Asian stock markets slip on China woes
October 22 2015 08:41 PM
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Traders at the Hong Kong Stock Exchange. The Hang Seng index dropped 0.8% yesterday.

Reuters/Tokyo/Singapore

Asian shares resumed their decline after paring early losses yesterday after a sharp fall in mainland Chinese shares on Wednesday rekindled worries about the health of China’s economy, and investors awaited the result of a meeting of the European Central Bank.
MSCI’s broadest index of Asia-Pacific shares outside Japan slipped 0.4% at 0604 GMT. Japan’s Nikkei ended the day down 0.6%.
ECB President Mario Draghi is widely expected to keep the door open for more monetary stimulus in the face of deflation risks, but is seen stopping short of taking new policy steps at yesterday’s meeting.
That meeting will be followed next week by central bank policy meetings in the US and Japan, as well as four-day leadership meeting of China’s Communist party.
“I think the rebound in markets is coming to an end. From now, markets will be looking to policy events later this month as well as corporate earnings,” said Hirokazu Kabeya, chief global strategist at Daiwa Securities.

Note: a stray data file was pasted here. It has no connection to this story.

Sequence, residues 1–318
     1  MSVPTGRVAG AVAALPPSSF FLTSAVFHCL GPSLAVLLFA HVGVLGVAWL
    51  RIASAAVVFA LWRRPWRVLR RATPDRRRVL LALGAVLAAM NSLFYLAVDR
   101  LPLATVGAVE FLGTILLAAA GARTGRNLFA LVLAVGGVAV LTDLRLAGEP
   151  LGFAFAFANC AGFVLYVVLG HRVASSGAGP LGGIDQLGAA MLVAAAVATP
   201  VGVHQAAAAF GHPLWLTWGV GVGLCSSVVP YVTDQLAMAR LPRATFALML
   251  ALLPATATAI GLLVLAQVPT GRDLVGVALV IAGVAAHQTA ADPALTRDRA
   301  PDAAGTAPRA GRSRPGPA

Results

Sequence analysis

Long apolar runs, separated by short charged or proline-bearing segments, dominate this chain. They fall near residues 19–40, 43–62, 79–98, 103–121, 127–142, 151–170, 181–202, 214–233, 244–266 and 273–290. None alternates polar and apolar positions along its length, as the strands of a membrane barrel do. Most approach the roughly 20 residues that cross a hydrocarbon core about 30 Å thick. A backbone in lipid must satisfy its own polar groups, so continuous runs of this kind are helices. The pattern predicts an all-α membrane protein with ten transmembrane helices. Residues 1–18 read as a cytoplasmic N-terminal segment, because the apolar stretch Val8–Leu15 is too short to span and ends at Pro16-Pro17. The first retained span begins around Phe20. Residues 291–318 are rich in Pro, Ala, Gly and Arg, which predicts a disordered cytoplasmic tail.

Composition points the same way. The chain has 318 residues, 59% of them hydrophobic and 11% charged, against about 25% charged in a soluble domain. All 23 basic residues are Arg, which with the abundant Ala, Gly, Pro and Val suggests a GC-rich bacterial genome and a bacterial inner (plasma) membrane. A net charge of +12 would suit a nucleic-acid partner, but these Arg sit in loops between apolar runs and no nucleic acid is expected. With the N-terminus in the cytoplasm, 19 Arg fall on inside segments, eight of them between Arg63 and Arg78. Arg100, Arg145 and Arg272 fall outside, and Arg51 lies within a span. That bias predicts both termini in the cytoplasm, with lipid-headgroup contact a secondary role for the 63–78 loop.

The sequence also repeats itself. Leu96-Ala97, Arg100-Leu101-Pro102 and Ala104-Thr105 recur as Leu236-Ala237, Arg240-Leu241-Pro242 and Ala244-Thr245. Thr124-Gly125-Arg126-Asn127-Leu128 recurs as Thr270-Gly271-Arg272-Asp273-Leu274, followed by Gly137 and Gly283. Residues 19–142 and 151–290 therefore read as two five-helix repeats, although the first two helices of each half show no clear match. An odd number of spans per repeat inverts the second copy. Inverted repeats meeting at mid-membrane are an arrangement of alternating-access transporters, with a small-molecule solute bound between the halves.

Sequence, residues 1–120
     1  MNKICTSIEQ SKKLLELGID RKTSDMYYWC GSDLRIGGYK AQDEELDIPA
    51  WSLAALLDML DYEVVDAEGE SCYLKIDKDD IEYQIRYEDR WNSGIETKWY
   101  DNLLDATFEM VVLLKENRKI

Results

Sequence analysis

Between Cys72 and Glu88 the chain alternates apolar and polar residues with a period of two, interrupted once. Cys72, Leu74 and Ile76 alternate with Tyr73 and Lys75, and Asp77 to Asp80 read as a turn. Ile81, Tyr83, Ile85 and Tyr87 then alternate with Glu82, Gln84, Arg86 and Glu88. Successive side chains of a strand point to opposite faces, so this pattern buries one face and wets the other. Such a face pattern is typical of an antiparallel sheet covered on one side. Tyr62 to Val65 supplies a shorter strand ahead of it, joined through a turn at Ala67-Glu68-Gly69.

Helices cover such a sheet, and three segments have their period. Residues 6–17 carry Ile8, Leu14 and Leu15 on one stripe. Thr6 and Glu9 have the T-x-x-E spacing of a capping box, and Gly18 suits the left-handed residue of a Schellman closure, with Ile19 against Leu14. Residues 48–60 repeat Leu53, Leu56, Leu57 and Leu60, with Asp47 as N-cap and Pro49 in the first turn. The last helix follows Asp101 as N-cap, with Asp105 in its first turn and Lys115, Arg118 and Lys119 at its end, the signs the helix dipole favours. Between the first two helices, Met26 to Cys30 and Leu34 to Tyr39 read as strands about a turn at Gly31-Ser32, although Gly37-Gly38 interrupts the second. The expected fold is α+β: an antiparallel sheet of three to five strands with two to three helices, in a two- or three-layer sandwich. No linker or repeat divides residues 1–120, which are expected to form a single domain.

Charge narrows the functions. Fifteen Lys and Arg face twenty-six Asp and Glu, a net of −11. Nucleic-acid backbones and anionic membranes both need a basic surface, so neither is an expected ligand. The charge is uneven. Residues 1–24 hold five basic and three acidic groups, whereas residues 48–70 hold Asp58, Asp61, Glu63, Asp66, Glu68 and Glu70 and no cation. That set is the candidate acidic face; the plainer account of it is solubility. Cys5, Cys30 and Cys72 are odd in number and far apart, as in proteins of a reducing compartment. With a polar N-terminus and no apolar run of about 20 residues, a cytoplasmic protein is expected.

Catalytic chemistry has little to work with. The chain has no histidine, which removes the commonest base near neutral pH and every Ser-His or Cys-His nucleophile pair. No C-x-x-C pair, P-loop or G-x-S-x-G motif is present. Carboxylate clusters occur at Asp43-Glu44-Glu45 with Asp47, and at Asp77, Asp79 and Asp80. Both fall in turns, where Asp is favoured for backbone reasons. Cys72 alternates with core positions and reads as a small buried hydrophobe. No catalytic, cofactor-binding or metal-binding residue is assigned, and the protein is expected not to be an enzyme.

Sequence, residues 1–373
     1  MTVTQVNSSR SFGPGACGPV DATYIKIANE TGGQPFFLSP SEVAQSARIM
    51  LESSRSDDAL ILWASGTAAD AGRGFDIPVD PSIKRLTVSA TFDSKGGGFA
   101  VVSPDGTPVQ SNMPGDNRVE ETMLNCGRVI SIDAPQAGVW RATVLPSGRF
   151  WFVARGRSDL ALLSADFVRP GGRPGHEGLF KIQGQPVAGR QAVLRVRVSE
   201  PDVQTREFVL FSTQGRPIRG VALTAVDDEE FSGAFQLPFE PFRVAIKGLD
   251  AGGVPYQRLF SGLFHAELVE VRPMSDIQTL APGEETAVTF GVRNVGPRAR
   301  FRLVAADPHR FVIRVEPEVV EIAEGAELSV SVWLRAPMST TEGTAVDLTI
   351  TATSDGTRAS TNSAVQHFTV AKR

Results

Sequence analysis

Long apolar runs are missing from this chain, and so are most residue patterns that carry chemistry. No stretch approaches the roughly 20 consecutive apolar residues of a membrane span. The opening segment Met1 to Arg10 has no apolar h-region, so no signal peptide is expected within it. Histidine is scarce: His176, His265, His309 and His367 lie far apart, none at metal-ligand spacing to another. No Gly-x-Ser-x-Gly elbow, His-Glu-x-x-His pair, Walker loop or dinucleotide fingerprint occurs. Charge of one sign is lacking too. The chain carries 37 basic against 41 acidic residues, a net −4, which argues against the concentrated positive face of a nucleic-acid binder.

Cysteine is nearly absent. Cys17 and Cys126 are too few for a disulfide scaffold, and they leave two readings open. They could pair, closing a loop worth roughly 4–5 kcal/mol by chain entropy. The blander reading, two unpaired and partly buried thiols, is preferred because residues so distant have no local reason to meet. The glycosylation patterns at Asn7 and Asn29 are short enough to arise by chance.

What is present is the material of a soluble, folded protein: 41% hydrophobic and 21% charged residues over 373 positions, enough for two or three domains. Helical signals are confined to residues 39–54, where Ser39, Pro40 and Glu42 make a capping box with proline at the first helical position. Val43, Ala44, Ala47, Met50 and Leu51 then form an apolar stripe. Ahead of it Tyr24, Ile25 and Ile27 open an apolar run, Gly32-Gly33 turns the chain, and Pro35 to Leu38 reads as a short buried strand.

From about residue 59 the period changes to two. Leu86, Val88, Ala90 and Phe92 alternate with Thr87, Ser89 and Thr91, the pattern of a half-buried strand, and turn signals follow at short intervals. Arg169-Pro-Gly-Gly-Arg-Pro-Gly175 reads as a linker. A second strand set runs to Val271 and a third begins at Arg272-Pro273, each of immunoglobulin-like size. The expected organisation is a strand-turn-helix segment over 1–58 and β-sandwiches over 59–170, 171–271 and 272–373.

The Shanghai index rose 0.3% yesterday, however, and the CSI 300 index added 0.4%, while the Hang Seng index dropped 0.8%.
The dollar held steady against a basket of six currencies at 95.015 but fell 0.3% to 119.67 yen.  The euro stood at $1.1335, barely moving this week ahead of the ECB’s meeting.
The Australian dollar reversed an earlier recovery from the one-week low of $0.7202 seen Wednesday, extending losses to $0.7195 on speculation mortgage rate increases by two lenders would lead to policy easing by the central bank .
The Canadian dollar fell to C$1.3149 per US dollar yesterday, its lowest in 2 1/2 weeks, as the Canadian central bank lowered its growth forecasts for 2016 and 2017. It has since recovered to C$1.3127.
Oil prices, which fell to three-week lows as the US government reported a bigger than expected build-up in crude oil stockpiles, recovered some of their losses.
Brent futures, which dropped to a three-week low of $47.50 per barrel on Wednesday, rose 0.6% to $48.13.  US crude futures settled at $45.43 a barrel, after slumping to $44.86 a barrel, the lowest since Oct. 2, in earlier trade.
US natural gas futures fell to a three-year low of $2.379 permn British thermal units on Wednesday on forecasts for warmer weather over the next two weeks. They were last trading at $2.397.


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